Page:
A 42-year-old woman who mounted a campaign of harassment against former Sinn Féin TD Jonathan O'Brien and community activist Laura O'Connell has been sentenced to three years in prison, with the final year suspended, at Cork Circuit Criminal Court today.
Judge Helen Boyle said Sonya Egan's conduct was "so extreme and so sustained" that it meritied a prison sentence, despite a request from her Defence Counsel that the judge consider adjourning any sentence for a significant period of time on foot of a psychological report.
Egan, a mother-of-three with an address at the Lawn, Lios Cara, Killeens, Co Cork, pleaded guilty last February to harassing Mr O'Brien between 17 January 2018, and 9 January 2019, and to harassing Ms O'Connell between 8 April 2018 and 26 June 2019.
Sentencing her today, Judge Boyle said the harassment continued over a long period of time, was repeated and sustained, and was pursued through multiple routes; online, by email, and involving the family members and children of the victims in this case.
She said it was clear the multiple acts of harassment and false allegations against both parties had affected them across all aspects of their lives, both emotional and financially, and both are in debt to the sum of €27,000 due to civil actions they were forced to take because of the malicious allegations made against them.
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The judge accepted that both had suffered seriously because of this harassment through no fault of their own, in their roles of public representative and community worker.
She said that despite Jonathan O'Brien's best efforts to overcome the sustained harassment, it had seriously impacted him emotionally, and equally financially.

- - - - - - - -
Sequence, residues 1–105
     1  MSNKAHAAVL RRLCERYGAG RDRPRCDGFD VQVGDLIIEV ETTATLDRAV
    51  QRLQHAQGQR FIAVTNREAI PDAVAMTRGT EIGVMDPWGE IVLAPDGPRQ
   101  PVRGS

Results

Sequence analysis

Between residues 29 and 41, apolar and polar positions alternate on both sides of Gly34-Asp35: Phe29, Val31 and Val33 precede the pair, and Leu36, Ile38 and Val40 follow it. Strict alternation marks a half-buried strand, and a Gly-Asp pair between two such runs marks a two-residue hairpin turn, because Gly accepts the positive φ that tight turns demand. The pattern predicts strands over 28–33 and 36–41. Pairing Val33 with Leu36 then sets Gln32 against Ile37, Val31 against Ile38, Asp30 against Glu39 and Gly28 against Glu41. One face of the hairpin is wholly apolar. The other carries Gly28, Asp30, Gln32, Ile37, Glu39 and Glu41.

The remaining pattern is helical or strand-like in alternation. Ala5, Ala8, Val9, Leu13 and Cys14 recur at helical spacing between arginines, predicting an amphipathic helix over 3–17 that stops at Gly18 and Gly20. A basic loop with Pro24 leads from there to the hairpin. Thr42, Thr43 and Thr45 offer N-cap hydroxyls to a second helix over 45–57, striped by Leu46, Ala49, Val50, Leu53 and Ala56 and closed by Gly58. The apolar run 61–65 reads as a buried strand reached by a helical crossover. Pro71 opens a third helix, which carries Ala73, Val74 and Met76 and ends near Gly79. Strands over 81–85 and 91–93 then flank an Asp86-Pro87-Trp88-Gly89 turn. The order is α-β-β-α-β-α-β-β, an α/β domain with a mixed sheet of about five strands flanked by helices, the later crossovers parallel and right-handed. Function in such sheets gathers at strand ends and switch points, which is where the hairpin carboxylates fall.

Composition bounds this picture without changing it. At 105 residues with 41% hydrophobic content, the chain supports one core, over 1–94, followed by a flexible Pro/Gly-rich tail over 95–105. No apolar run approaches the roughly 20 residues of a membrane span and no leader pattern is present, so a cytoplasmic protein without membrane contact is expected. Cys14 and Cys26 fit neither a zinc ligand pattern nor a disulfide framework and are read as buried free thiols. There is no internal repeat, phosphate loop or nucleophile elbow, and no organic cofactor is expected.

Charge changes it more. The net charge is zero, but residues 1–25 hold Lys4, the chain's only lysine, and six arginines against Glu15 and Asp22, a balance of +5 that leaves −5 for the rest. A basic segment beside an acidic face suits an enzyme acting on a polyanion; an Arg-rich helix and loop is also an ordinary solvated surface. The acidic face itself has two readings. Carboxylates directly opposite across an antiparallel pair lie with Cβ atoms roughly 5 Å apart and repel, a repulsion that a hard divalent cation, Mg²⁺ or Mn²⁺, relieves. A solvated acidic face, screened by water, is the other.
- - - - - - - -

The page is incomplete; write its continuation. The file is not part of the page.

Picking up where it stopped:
But what was especially clear from his victim impact statement - what had affected him most, she said - was Egan's boasting about the medical treatment of his father. This, and the fact that his children were approached, caused him "an enormous amount of distress".
She said it was clear Laura O'Connell had to see a therapist and life has changed for the worst for her. Egan targeted and victimised her and spread malicious untrue rumours, saying very untrue things about her.
Judge Boyle said a forensic psychology report found that Egan said she had been subjected to physical assault and sexual assault and rape as a child growing up in care but gardaí had expressed scepticism about the report and the prosecution did not accept its finding.
Judge Boyle said she found it "somewhat perplexing" that the report did not set out any explanation for her offending behaviour.
She noted Egan had expressed remorse in a letter to the court for the "upset, anguish, and torment" that she caused to both the victims but said she didn't realise the impact that her behaviour was having on them until it got out of control.
In deciding on the sentence with a maximum penalty of seven years, Judge Boyle said there were a number of mitigating factors; these included Egan's plea of guilty saving the State the cost of a trial, that she had no previous convictions, that she had made partial admissions to the gardaí when arrested, and that while the psychologist's report found she had suffered trauma resulting from a traumatic childhood, she is at low risk of offending.
She sentenced Egan to three years in prison, with the final year suspended if she remains of good behaviour.
Judge Boyle also ordered that she not communicate by any means whatsoever with either of the victims in the case and that she not come within 50 yards of their homes, for a period of seven years.
Mr O'Brien made no comment as he left the court.
Ms O'Connell said she hoped today would bring her "some peace and quiet", but she said there are no protections for people like them wrongly accused.
"Why was I forced to get an injunction, why was I forced to go to the guards? There is a lot of people here who need to take accountability and responsibility for their part in it as well. There are no laws, there is no protection and the system just doesn't serve people like myself and Jonathan, to be honest."